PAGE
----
In anticipation of its landing, scheduled for Feb 18, 2021, we invited two SETI Institute researchers to discuss the potential of the mission to find evidence of microbial life and employ new techniques to explore Mars. Chemist and planetary scientist Janice Bishop studies spectral fingerprints of minerals and Mars analogs on Earth and is a member of the CRISM orbital spectroscopy team. Physicist and planetary scientist Pablo Sobron develops spectroscopic instruments for planetary exploration and is a member of the Mars 2020 Science Team. They will tell us how Perseverance will search for traces of past or present microbial life in chemical, mineralogical, or textural fingerprints. Perseverance is the first step towards investigating biology, not just chemistry on Mars through sample return. This talk will describe why Jezero Crater was selected for this mission, the types of investigations to be performed and what they expect the mission to discover.

Speakers: Dr. Janice Bishop, Dr. Pablo Sobron

Register at weblink to obtain connection information.

Website: https://www.seti.org/event/perseverance-martian-rover-find-life

Cost: Free

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Wednesday, 08/19/20 7:30 PM

San Francisco Amateur Astronomers
See weblink for connection information.

Probing Fundamental Physics with Strong Gravitational Lensing – Livestream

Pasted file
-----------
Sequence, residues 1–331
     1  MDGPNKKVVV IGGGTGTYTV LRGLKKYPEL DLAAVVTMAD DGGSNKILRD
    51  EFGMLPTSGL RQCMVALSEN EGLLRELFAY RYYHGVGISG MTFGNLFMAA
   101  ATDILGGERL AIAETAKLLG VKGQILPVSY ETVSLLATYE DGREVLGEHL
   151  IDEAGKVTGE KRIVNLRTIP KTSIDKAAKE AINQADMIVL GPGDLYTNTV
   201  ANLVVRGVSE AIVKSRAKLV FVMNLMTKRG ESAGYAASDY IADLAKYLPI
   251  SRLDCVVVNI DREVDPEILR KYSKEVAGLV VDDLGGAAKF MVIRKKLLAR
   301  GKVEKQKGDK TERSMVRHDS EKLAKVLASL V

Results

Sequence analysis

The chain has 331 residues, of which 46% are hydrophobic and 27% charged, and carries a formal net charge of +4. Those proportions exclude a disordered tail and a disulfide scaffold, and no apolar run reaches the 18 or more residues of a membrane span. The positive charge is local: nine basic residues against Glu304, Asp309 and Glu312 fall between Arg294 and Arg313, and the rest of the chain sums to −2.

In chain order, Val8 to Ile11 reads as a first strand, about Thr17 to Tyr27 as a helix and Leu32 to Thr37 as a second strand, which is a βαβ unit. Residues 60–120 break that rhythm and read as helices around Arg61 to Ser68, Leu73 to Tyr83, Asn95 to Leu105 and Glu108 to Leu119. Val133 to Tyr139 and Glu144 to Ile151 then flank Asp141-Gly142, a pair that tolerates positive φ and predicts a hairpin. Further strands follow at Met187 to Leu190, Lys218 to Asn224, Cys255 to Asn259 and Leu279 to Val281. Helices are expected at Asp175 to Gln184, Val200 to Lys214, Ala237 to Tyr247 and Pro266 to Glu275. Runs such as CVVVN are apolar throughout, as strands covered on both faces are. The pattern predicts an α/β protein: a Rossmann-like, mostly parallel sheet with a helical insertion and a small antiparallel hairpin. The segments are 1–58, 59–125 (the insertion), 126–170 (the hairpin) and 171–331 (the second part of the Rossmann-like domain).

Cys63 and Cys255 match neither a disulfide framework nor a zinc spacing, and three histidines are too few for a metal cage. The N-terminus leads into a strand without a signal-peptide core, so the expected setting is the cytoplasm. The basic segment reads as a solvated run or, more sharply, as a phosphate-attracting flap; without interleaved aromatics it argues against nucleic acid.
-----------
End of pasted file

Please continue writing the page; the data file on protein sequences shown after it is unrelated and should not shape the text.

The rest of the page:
In general relativity, the presence of matter can curve spacetime, and the path of a light ray will be deflected as a result. This process is called gravitational lensing, analogous to the deflection of light by (e.g. glass) lenses in optics.In rare and extreme cases, light can take different paths to the observer and more than one image of the source will appear.Strong gravitational lensing is lensing that is strong enough to produce these multiple images, arcs, or even Einstein rings. Many useful results for cosmology have come out of using this phenomena.Dr Birrer will shed more light on how astronomers are utilizing strong gravitational lensing to probe the nature of dark matter and dark energy, the dominant but yet unknown components of our Universe.

Speaker: Simon Birrir, Stanford KIPAC

See weblink for connection information.

Website: https://www.sfaa-astronomy.org/live-streamed-lectures/

Cost: Free

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Wednesday, 08/19/20
08:00 PM – 09:00 PM

Chabot Space and Science Center
See weblink for connection information.

137 Years of Chabot Space & Science Center in 60 Minutes – Livestream

Chabot Space & Science Center has very old roots in Oakland and the East Bay, and no fewer than three incarnations as a student and public observatory and science education center. Now celebrating the 20th anniversary at its present location on the skyline of the Oakland Hills, the institution as a whole turns 137 this year. This presentation will trace and illustrate the rich and interesting history of an observatory that was, from its inception, dedicated to educating the public about science and the universe.

Speaker: Benjamin Burress, Chabot

See weblink for connection information.

Editor’s Note: This event is now listed for Friday, August 19, which is actually a Wednesday. The original listing was for Friday, August 21. The Facebook listing is for August 19.

Website: https://chabotspace.org/calendar/the-history-of-chabot-space-science-center/